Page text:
Date of Award
Master of Science
Department of Aeronautics and Astronautics
Paul I. King, PhD
Cavity-based fuel injection and flame holding found in hydrocarbon-fueled scramjet applications are of interest. The Air Force Research Lab (AFRL) and the Air Force Institute of Technology (AFIT) at Wright-Patterson Air Force Base in Ohio are investigating the enhancement of fuel-air mixing with small pylons that project into the supersonic flow upstream of a flame holder cavity. This follows previous qualitative (Mie scattering and NO-PLIF visualizations) results which suggested that injection behind pylons, may improve fuel-air mixing. Three pylons geometries (medium, tall, and wide) shaped as thin triangular wedges with a 30o inclination angle were tested and compared to baseline transverse injection without pylons at two injection pressures. The AFRL provided facility, was a supersonic (Mach 2) continuous flow wind tunnel with existing cavity and pylon setup. The goal was to measure mixing efficiency and shock loss of each pylon setup for comparison to the baseline condition of transverse injection without pylons. Non-reacting flow was measured using conventional probing and spontaneous Raman spectroscopy to obtain pitot pressure, total temperature, cone-static pressure and species concentration over the cavity downstream of the injection. Results demonstrated that pylons increase fuel penetration, while not adding significantly to shock losses or overall mixing compared to baseline.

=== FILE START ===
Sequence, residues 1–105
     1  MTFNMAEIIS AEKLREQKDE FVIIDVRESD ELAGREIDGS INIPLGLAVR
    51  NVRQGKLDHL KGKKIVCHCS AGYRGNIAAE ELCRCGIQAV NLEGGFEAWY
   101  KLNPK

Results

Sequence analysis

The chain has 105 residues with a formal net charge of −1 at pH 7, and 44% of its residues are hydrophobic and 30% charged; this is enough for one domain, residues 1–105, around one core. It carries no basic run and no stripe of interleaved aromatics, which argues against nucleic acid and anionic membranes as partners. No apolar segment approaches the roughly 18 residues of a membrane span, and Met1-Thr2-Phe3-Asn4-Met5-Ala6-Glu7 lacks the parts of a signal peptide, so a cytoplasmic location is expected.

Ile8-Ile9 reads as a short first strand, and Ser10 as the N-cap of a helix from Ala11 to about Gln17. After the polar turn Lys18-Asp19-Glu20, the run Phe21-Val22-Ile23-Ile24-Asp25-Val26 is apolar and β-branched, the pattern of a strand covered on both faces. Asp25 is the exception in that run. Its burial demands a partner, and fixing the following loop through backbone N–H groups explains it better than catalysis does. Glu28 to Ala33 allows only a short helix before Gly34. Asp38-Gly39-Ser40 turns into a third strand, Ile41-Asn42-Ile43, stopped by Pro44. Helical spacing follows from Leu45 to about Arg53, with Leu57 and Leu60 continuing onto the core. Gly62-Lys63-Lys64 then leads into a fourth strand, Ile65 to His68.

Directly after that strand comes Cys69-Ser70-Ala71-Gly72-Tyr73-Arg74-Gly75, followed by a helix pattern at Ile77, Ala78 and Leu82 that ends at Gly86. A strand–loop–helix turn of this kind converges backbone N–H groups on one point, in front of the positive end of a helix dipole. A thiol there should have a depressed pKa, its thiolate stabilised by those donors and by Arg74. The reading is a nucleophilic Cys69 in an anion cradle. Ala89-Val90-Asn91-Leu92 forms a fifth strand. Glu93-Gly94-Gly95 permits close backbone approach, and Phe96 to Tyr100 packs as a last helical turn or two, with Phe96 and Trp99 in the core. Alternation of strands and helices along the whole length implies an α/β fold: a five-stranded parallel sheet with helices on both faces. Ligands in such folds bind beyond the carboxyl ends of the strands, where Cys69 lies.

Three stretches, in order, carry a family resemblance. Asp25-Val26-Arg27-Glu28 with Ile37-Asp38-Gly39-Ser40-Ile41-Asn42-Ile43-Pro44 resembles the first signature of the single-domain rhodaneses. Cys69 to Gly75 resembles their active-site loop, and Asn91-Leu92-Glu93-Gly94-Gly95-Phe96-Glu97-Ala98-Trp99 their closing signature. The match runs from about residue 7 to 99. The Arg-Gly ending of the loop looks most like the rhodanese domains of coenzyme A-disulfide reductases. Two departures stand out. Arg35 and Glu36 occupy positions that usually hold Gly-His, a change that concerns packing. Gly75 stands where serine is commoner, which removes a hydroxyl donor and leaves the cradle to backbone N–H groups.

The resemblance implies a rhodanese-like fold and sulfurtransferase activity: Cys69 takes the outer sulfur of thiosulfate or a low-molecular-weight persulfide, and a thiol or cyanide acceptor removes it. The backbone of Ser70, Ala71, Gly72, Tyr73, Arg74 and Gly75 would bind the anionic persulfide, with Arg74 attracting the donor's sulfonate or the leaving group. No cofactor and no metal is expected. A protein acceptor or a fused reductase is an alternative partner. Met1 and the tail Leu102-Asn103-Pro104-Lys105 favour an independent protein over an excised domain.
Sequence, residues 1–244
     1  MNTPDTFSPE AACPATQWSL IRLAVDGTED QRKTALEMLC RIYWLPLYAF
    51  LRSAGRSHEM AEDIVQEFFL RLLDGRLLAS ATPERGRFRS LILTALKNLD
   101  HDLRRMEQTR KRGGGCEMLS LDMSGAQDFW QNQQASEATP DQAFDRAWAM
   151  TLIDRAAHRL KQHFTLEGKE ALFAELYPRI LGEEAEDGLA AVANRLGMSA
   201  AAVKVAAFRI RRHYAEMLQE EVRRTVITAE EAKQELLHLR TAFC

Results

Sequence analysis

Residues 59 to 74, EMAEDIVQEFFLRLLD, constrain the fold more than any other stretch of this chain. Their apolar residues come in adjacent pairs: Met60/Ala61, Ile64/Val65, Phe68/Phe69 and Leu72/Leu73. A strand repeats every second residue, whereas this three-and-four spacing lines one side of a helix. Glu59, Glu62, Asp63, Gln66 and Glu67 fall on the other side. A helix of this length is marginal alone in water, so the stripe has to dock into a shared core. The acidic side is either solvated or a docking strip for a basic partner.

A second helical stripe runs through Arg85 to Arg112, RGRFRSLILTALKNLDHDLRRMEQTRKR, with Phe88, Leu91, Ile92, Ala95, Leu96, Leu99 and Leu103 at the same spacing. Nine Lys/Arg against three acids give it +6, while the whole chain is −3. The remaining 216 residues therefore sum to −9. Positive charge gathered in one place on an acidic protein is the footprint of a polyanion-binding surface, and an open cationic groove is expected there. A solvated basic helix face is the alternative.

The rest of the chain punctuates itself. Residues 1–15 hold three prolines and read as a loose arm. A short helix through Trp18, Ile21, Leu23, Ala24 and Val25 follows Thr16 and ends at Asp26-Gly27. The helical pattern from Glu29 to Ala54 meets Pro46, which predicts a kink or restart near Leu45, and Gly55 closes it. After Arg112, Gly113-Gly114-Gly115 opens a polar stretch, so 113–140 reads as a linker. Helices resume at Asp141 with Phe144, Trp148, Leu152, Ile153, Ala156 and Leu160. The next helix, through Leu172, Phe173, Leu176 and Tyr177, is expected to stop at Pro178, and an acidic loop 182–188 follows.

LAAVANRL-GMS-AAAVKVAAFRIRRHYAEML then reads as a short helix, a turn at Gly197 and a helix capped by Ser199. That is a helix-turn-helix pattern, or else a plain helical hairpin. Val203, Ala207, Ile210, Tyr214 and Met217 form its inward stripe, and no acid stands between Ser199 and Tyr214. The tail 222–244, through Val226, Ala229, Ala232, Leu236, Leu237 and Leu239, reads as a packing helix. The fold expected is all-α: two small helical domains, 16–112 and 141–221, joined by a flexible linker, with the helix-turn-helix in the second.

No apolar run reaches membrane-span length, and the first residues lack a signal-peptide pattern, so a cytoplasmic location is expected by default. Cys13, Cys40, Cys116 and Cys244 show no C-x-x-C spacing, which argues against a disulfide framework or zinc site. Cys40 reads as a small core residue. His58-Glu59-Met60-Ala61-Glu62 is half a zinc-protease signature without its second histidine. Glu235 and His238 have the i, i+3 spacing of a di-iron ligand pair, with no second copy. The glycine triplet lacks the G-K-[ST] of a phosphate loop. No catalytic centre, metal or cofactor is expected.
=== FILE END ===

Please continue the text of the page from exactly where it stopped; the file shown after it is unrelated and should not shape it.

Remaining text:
DTIC Accession Number
Haubelt, Lane C., "Aerodynamic Loss and Mixing Over a Cavity Flame Holder Located Downstream of Pylon-Aided Fuel Injection" (2006). Theses and Dissertations. 3559.